For legendary Corona family, another re-Peat

The Corona boys’ basketball program captured history in route to its four-peat from 2012- 2015, tying the state record for most ever in a top division. However, Corona has also seen a “five-Peat.” The Aztec community is familiar with the last name Peat, with five of the seven members of the family having come through Corona. While they were not exclusive to just basketball, they have all had remarkable athletic success.

- Advertisement -

Todd, Andrus, Cassius, Leilani and Keona all hail from Marion Todd Peat Sr., who had a six-year career between the NFL and World League of American Football (NFL Europe). Peat Sr. was a guard and tackle for the St. Louis/Phoenix Cardinals (1987-1989), the Los Angeles Raiders (1990, 1992-1993) and the Frankfurt Galaxy (1995) — located in Frankfurt, Germany.

Todd Jr. graduated from Corona and played for Nebraska, Eastern Arizona College and Texas A&MCommerce. Andrus went on to play as an offensive lineman for Stanford before being drafted No.13 overall in the 2015 NFL draft. He is currently entering year nine of his successful career with the New Orleans Saints. Cassius had a successful career on the gridiron for Corona as well before going on to play for Scottsdale Community College. Leilani is oldest daughter, she played basketball for the Aztecs before signing with the University of San Francisco and now the Seattle University women’s basketball teams.

Keona is the latest Peat to come through Corona, having played football and basketball. He signed with Arizona State in April and is following the tradition of playing Division I collegiate athletics. However, Keona’s story is different from the rest. During the summer before his junior year, Keona almost lost his life. “I woke up and they told me something bad had happened,” he said. During a summer basketball game, Keona went up for a steal when his left leg snapped and required surgery. What should have been a routine procedure, turned into a life-altering experience for him. “It (the medication) put me into anaphylactic shock, so right away my body was reacting to it in a certain way,” he recalled. “My oxygen levels just completely dropped, then I coded out three times.”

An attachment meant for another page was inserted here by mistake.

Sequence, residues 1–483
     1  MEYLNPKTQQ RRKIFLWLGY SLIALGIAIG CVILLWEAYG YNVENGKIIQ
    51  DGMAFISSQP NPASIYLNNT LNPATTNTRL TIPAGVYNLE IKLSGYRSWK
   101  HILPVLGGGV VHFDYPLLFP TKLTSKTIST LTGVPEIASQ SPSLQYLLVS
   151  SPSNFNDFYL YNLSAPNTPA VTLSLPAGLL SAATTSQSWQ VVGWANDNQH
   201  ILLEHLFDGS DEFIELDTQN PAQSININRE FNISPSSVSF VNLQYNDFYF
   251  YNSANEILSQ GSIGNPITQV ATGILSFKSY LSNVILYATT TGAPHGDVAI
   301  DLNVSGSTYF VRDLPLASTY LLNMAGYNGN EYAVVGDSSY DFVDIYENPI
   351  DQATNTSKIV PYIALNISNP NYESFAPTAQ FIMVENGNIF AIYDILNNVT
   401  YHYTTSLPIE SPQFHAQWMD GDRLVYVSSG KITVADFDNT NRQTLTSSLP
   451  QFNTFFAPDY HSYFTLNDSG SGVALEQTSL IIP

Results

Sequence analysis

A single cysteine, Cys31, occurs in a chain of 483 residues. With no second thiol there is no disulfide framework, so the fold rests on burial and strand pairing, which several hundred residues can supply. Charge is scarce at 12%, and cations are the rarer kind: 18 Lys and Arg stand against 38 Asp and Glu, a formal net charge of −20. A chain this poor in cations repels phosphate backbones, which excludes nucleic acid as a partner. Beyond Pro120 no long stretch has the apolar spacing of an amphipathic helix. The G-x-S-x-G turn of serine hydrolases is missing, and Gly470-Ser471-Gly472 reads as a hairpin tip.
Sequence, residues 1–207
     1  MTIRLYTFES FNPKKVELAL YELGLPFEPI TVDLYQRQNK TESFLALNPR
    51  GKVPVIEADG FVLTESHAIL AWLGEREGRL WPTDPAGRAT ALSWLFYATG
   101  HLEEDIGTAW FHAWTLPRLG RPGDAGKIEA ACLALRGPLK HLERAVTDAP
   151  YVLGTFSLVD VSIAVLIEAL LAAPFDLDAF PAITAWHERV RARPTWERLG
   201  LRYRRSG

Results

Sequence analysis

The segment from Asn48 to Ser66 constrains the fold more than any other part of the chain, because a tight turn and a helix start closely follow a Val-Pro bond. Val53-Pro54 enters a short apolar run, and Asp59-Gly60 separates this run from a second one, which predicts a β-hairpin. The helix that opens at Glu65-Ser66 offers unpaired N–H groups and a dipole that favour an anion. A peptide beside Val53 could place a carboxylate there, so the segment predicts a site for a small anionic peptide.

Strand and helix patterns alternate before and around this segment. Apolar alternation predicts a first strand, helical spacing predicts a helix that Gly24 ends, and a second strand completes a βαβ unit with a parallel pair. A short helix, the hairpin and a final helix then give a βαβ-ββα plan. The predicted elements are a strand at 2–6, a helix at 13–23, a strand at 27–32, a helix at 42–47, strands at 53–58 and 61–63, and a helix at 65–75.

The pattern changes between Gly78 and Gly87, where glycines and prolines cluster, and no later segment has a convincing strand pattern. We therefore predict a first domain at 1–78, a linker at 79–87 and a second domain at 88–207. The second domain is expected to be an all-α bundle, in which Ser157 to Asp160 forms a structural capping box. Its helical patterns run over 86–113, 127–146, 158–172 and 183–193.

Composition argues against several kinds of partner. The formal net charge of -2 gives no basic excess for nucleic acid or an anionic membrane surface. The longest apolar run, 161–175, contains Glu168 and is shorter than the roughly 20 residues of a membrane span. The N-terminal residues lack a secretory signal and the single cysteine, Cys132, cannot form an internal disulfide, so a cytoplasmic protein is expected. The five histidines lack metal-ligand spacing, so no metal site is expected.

They were trying to intubate me because I had stopped breathing and my oxygen levels were dropping and then all this liquid started to flow into my lungs. They immediately had to take out the intubation tube and suction out all this liquid in my lungs and then keep trying to put the tube in. When they did that, they damaged my vocal cords.”

Not only did the shocked and damaged vocal cords leave Keona with temporarily paralyzed right arm, but left him unable to eat, drink and talk for three months. During his two-week hospital stay, he said he dropped roughly 45 pounds. Keona credits his family, especially his mother who stayed by his ide the entire time, for helping him through the experience, which he said was “was probably the worst time of my life ever.”